He rubbed her little hands, he called her by name, his hot boy's tears fell on her cold white face. He did not yet understand how it had all come about, but something seemed to tell him that his selfish thoughtlessness had to do with it. But there was no answer, no movement.

'She will die,' he thought, 'if she is not dead. I must carry her.'

He lifted her, though with difficulty, and glanced about him. Oh, joy! they were nearer Bob's cottage than he had thought; he stood still and whistled, the peculiar 'call' his brothers and he used for each other, and that Bob, too, knew. Then he moved on again, though but slowly—now and then it seemed scarcely more than a totter, his legs trembled so, and Rosamond was so strangely heavy. But it was not for long in reality, though it seemed to him hours, before help reached him. A figure came rushing across the moor, and a voice called out loudly,

'Who is it? What is the matter? It's not—oh, Master Justin, is it you? And—no, no, don't say it's the little lady— I've killed her, I've killed her. It's all my fault.'

* * * * *

It was in kind old Nance's cottage that the little girl came back to consciousness. Bob's grandmother was clever and skilful, and, though sadly alarmed at first, soon saw that the two boys' very natural terror was greater than need be. The child was in a sort of stupor from cold and fright and pain too, for her ankle had swelled badly by this time, from the pressure of her boot. But careful management brought her round, and she was soon able to look about her and to drink the wonderful herb tea of some kind which Nance prepared. And then she sat up and explained what she could of how the misadventure had come to pass, helped by Bob, whom she glanced at doubtfully, till he said out manfully,

'Tell it all, miss, tell it all. It's me that's to blame, only me.'

But no, it was not only at poor Bob's door that lay the blame, and so Justin well knew, and so Justin had the honesty to confess when the anxiety and distress were to some extent past, though for a few days great care had to be taken of little Rosamond.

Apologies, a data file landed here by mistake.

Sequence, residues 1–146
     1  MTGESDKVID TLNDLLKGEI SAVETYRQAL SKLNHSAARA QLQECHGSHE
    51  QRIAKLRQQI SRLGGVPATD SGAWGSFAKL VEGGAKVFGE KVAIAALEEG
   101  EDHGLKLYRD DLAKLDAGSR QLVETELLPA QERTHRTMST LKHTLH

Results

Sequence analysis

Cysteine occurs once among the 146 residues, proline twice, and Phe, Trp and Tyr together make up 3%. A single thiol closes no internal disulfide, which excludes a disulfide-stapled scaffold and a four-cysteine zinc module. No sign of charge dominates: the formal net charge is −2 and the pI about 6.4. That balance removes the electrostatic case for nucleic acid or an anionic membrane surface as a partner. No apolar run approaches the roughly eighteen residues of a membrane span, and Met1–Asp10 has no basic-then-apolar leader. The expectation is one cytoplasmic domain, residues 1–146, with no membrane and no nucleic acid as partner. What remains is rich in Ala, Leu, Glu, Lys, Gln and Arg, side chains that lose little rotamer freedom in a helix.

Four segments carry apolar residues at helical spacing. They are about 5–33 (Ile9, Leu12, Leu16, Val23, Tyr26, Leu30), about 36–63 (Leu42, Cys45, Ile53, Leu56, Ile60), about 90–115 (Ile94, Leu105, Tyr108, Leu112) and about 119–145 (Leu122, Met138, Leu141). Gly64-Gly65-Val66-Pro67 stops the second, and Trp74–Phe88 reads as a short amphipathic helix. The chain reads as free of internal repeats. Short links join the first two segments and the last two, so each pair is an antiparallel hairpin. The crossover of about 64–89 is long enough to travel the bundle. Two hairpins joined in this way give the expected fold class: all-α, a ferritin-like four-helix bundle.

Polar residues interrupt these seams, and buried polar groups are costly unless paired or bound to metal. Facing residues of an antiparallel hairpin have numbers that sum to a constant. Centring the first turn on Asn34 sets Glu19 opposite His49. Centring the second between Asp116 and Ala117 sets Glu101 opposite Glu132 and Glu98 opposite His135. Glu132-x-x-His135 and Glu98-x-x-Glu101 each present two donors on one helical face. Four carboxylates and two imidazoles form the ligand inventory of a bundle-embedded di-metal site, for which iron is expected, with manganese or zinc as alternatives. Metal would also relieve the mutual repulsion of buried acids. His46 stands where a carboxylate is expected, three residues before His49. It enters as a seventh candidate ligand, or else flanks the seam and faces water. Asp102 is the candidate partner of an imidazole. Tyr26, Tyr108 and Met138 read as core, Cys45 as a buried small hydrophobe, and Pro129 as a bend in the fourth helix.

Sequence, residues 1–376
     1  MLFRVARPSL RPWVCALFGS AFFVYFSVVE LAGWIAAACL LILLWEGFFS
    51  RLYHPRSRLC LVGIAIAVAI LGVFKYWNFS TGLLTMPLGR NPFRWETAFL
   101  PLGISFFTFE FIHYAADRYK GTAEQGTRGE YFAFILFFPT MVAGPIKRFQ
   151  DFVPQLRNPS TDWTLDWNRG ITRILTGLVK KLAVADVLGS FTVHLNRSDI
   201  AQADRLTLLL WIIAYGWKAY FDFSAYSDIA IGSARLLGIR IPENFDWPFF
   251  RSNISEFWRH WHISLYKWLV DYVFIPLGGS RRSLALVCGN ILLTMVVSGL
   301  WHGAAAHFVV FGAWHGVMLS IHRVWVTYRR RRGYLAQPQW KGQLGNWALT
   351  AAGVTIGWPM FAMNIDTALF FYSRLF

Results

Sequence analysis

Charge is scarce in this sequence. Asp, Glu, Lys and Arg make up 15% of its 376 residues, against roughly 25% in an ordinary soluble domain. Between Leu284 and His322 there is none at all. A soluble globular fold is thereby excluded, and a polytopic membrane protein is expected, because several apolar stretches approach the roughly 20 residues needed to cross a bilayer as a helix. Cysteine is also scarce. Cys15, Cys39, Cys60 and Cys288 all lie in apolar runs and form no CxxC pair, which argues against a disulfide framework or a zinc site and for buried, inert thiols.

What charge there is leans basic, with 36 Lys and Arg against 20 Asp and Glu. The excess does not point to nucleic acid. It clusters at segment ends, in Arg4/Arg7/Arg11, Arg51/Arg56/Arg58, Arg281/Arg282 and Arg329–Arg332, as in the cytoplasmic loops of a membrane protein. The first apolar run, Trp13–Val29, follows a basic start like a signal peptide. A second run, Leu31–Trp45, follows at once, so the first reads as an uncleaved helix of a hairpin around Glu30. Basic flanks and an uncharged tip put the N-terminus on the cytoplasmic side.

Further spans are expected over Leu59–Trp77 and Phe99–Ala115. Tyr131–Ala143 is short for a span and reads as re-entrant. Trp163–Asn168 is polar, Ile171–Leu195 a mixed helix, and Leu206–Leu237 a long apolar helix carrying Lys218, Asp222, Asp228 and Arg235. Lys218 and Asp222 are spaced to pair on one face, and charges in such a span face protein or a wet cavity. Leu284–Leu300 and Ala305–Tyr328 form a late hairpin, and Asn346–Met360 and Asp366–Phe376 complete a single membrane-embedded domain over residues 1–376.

It would be difficult to describe the joy with which Uncle Ted carried her off to the carriage waiting at the nearest point on the road, wrapped up in his strong arms so that she couldn't get chilled again, or Aunt Mattie and the Herveys' delight at the happy news of the little lost one being found. These things are more difficult to tell than to picture to oneself.

So, too, it would be difficult to relate the change in Justin which those who cared for him always dated from the night on which Miss Mouse was lost—the night of which, had worse come of it to the kind little girl, he would never have been able to think without misery beyond words.

The ferrets were paid for, of course, though not with Rosamond's money, which was now happily spent on her Christmas presents. But though paid for, Justin's pets were soon sold again, and replaced by some more lovable and attractive creatures, whom his mother and Miss Mouse and everybody could take pleasure in too. I rather think the new treasures were some particularly pretty guinea-pigs—curly-haired ones; though to be quite sure of this I should have to apply to some boys and girls of my acquaintance whose grandfather has often told them the long-ago story of Miss Mouse and the good that came of her gentle influence on him and his brothers when they were all children together.

And dear Miss Mouse herself—what of her? Where is she now? It is so many years ago, is she still alive?

Yes. I have nothing sad with which to end my little story. She is now, what most of you, I daresay, would consider a very old lady, for her hair is quite white, though her pretty gray eyes are as clear as ever. Not that they have not known tears, those kind eyes, many tears, I daresay, for the sorrows of others more than for her own, perhaps. Life would not be what it has to be, what God means it to be, without tears as well as smiles.

And Bob Crag. You will not be surprised to hear that Uncle Ted took him thoroughly in hand, and that the wild but affectionate boy grew up to be a good and useful man.